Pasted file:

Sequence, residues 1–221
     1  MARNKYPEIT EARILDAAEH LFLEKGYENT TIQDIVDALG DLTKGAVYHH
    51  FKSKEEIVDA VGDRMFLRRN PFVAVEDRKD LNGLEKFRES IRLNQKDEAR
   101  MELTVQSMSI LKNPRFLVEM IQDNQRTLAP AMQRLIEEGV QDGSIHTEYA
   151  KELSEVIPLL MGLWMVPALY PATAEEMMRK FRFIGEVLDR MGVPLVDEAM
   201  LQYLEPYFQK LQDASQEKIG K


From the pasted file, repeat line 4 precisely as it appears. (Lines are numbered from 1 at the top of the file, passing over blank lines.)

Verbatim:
   101  MELTVQSMSI LKNPRFLVEM IQDNQRTLAP AMQRLIEEGV QDGSIHTEYA